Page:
Keep up with Upgrades with a New Computer Fund

Computers don’t last forever technologically. When was the last time you fired up your Apple IIe to do anything relevant? Nostalgia aside, technology constantly moves forward and sometimes its difficult financially to keep up.

While computers today are much less expensive than ever before, $1500 or so for a new one is still a lot of money. However, there is a way to prepare for your impending upgrade so that you always stay on top of the latest technology without it causing a financial headache.

Payment Plans, Don’t Do It.

Apple (and other computer manufacturers) offer a monthly payment system where you pay a small amount of $25 to $50 a month for a few years. This always results in you paying, over time, way more than the original price of your computer.

Unfortunately, Apple’s payment plan right now is a credit card application so I can’t dissect their payment plan and show you how much you’d pay but we can talk about their Barclay’s Instant Financing. It sounds like a fabulous offer – buy something for over $900 and get 12 months of 0% financing. But once those 12 months are up, if you haven’t paid you will be charged about 21%-23% in interest, beginning on your purchase date.

So, you’re socked with approximately $230-$250 extra for the low-end $999 MacBook after one year. It gets worse as you purchase a more expensive Mac. A $1,500 Mac will run you $347 to $383 more if you don’t pay up before a year. Only pay the minimum after that and pretty soon you could’ve bought two MacBooks instead of one. Yes, you can play the arbitrage game but its risky. Why not take advantage of interest before your Mac purchase rather than after?

Create Your Own Payment Plan:

Instead of paying Apple or anyone else’s payment plan, create your own and have interest pay you instead of them.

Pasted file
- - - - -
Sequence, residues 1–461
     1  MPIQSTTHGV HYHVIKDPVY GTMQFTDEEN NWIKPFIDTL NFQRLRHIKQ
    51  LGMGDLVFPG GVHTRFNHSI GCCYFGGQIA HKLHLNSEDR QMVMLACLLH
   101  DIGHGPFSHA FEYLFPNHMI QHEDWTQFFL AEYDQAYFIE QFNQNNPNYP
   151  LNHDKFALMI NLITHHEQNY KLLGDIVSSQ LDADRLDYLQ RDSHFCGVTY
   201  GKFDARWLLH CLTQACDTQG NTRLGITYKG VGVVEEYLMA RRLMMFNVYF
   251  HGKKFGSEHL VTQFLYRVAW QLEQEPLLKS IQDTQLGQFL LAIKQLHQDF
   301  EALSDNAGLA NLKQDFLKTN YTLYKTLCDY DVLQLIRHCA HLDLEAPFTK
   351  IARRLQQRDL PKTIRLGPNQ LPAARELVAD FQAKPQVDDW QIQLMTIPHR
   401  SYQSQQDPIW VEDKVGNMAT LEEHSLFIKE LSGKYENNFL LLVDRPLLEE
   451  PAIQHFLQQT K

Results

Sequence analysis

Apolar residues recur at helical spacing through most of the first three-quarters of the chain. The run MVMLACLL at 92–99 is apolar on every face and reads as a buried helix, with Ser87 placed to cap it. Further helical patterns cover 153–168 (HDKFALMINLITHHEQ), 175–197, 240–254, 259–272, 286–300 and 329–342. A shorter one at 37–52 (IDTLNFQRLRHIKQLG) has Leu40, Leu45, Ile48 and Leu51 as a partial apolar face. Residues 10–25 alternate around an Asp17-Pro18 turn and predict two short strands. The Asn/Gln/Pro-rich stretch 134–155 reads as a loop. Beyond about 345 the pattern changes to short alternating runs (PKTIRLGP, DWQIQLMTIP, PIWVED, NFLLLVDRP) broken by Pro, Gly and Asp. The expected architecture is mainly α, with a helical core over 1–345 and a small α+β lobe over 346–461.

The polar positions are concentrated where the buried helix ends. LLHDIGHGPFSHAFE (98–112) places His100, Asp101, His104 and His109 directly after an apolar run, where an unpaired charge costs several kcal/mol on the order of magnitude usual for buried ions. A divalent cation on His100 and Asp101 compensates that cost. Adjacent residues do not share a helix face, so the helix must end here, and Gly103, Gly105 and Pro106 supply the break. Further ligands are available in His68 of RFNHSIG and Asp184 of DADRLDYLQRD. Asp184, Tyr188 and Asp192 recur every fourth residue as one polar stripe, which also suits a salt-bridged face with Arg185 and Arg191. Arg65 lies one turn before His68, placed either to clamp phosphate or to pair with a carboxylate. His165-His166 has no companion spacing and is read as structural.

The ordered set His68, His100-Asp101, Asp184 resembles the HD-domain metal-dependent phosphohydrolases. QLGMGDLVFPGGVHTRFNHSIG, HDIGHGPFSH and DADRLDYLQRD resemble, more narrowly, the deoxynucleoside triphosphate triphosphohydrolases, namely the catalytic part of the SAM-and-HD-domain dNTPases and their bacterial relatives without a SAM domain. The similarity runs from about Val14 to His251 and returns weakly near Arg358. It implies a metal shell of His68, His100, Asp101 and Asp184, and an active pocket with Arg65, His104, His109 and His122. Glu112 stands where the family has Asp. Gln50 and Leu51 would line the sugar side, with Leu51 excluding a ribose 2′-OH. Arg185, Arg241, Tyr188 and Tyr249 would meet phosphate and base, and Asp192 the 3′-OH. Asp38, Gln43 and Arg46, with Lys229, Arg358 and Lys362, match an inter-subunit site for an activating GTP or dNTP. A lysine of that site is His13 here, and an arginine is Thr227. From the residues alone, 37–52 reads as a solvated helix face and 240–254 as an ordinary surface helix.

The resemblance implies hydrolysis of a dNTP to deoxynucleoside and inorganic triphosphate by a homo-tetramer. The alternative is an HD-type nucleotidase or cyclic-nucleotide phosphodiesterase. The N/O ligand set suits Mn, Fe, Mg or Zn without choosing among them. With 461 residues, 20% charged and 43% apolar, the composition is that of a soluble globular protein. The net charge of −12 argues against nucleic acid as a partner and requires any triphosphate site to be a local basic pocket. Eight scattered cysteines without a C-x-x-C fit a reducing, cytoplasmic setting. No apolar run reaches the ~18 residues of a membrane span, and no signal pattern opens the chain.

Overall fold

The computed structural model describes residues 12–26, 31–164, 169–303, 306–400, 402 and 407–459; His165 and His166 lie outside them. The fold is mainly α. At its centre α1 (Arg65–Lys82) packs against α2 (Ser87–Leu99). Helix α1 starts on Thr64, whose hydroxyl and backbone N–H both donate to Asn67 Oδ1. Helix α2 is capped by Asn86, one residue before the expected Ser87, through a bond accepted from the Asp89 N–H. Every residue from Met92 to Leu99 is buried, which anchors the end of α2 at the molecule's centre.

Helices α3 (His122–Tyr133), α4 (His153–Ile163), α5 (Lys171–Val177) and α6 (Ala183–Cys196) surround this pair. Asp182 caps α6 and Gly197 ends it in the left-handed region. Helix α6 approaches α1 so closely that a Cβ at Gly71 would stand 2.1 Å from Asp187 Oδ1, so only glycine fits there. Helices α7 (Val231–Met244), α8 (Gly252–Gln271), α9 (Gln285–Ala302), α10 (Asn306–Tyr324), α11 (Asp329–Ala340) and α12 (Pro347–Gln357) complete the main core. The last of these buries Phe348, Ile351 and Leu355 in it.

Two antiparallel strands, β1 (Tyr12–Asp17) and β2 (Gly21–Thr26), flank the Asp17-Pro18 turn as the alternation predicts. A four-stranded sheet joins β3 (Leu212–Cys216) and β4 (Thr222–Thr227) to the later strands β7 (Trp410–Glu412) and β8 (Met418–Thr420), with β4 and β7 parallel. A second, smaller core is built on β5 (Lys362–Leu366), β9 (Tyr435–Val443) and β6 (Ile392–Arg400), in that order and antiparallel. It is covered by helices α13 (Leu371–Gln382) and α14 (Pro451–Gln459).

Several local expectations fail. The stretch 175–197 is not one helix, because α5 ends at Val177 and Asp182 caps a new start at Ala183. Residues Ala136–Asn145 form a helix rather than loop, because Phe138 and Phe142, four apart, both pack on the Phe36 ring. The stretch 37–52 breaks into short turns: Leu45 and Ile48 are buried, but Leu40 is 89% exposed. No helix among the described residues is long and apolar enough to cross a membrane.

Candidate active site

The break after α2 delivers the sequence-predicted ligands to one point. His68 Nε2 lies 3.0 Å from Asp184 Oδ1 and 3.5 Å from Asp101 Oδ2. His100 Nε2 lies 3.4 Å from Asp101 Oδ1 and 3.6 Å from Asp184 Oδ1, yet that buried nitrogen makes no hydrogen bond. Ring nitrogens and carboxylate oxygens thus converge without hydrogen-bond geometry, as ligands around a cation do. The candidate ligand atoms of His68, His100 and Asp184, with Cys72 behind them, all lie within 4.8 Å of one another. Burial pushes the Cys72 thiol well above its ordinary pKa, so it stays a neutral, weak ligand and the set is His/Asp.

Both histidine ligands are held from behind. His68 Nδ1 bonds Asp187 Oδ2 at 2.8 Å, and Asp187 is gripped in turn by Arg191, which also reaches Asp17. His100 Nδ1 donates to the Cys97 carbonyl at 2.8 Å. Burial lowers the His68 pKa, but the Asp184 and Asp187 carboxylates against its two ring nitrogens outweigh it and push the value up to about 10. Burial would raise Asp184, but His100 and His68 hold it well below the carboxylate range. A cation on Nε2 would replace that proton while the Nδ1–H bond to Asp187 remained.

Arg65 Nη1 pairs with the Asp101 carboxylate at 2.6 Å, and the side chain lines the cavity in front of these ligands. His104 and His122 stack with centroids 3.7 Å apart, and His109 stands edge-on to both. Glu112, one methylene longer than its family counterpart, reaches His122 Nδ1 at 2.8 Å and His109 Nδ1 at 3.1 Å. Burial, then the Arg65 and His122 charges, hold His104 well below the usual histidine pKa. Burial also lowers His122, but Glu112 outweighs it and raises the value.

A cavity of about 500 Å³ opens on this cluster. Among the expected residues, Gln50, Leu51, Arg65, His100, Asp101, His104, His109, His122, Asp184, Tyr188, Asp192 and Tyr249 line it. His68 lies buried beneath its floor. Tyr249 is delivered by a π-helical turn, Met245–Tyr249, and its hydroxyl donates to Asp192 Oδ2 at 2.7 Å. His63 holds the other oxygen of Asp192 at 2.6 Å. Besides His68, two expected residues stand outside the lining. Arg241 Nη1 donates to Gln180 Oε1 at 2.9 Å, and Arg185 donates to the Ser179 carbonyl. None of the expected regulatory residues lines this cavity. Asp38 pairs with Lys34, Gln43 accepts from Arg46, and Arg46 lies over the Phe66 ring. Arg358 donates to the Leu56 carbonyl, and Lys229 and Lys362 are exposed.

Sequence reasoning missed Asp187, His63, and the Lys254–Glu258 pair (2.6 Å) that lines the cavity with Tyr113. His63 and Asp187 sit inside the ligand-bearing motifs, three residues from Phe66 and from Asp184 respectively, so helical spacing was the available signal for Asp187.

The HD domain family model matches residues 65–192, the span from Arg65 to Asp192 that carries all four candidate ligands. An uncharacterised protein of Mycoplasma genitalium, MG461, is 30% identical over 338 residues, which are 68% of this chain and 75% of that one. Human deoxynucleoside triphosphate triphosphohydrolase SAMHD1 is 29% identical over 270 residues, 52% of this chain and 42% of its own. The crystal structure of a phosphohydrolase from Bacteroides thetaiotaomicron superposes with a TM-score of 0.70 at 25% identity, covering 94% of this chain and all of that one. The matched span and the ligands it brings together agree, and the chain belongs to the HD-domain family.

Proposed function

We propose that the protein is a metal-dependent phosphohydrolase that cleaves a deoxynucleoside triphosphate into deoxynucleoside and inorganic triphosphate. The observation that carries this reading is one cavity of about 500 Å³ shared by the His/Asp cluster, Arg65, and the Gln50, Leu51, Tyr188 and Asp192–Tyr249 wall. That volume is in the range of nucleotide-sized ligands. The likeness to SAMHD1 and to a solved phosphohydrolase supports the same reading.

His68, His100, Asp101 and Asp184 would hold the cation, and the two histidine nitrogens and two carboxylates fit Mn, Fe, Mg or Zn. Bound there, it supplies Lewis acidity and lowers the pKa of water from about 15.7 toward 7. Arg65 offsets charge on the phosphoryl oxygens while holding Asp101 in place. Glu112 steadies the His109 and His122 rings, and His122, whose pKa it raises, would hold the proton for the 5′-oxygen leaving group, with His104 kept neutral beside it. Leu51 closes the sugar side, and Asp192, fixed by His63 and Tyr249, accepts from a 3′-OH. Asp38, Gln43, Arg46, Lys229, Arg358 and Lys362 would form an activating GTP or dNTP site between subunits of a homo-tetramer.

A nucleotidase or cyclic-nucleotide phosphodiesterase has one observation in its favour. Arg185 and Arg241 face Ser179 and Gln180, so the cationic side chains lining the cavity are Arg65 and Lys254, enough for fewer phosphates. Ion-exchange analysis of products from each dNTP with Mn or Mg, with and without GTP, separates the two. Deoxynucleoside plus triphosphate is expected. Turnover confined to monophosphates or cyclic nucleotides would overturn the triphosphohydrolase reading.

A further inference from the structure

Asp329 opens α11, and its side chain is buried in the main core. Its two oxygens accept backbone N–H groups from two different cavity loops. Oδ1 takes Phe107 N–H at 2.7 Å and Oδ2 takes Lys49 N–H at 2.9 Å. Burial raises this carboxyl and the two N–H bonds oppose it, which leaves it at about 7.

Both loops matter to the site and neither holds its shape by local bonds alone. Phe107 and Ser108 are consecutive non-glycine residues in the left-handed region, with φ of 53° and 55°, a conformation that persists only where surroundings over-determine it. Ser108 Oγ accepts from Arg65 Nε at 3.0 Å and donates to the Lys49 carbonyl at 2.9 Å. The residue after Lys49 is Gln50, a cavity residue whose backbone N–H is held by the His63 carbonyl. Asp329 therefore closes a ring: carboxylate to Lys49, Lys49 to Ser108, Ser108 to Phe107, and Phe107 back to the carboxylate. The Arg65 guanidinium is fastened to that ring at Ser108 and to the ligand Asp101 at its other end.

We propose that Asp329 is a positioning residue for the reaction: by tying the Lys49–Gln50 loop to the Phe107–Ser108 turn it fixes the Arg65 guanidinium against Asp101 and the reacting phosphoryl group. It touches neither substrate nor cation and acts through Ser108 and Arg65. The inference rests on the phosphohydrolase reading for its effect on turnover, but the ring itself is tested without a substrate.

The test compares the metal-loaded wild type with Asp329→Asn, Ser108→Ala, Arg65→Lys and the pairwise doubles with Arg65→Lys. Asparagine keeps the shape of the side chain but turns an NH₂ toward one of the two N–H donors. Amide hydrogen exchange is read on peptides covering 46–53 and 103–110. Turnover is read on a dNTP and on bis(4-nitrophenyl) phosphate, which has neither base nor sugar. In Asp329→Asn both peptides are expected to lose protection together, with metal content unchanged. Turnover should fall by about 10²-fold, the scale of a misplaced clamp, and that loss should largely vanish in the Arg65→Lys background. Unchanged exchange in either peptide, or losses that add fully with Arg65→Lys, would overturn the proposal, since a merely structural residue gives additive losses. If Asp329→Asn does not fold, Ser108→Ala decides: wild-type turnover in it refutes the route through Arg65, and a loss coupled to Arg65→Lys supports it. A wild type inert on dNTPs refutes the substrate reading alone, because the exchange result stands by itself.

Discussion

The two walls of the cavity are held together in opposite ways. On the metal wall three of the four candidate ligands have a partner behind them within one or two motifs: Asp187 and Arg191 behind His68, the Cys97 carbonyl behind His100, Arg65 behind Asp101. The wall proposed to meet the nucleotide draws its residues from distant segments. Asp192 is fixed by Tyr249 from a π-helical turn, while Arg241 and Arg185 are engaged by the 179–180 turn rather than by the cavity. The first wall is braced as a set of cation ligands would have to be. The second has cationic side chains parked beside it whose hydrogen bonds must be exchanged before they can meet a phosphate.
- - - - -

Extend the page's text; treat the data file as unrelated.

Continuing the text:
First, sign up for a high-interest savings account. I recommend ING because I’ve had one for years but FNBO, HSBC, and Everbank are also recommended options. Granted, you’re not going to see 21%-23% returns, and currently the rates suck (Thanks, Ben!). But its better to have around 1.5% being paid to you rather than 23% paid to someone else.

Second, decide on what Mac fits your needs. I would budget for $1,500 because you may want extras like RAM (don’t buy it through Apple), a bigger external drive, updated software, etc. Get your total figure calculated.

Third, divide that number by 36. That’s how many months there are in three years. Why three? Three years is the recommended lifespan for a Mac (and a PC too). Technology races ahead and a three year upgrade plan will keep you current. You can stretch to four if you’re fine with being a little behind or bought a top-end machine. Divide by 48 if you’re going to wait four years.

The number you come up with is the amount you need to stick in your high interest savings account every month. ING can be set to automatically deposit this for you to make it effortless. So, for a $1,500 Mac every three years – deposit $42 a month. $32 if you want to go four years.

Keep doing this and you’ll never have to worry about where you’re going to get the money to replace the broken dinosaur of a computer you’ve been using for the past five years.

Skip the AppleCare Extended Warranty:

Lastly, skip the AppleCare. It doesn’t cover damage and only matters for Year 2 and 3. Stick the $250 in your account and start your saving plan. By the end of Year 1, when AppleCare would’ve kicked in, you’ll have about $750 saved already. That’s enough to cover logic board or display damage, or around 75% of a replacement $999 MacBook.

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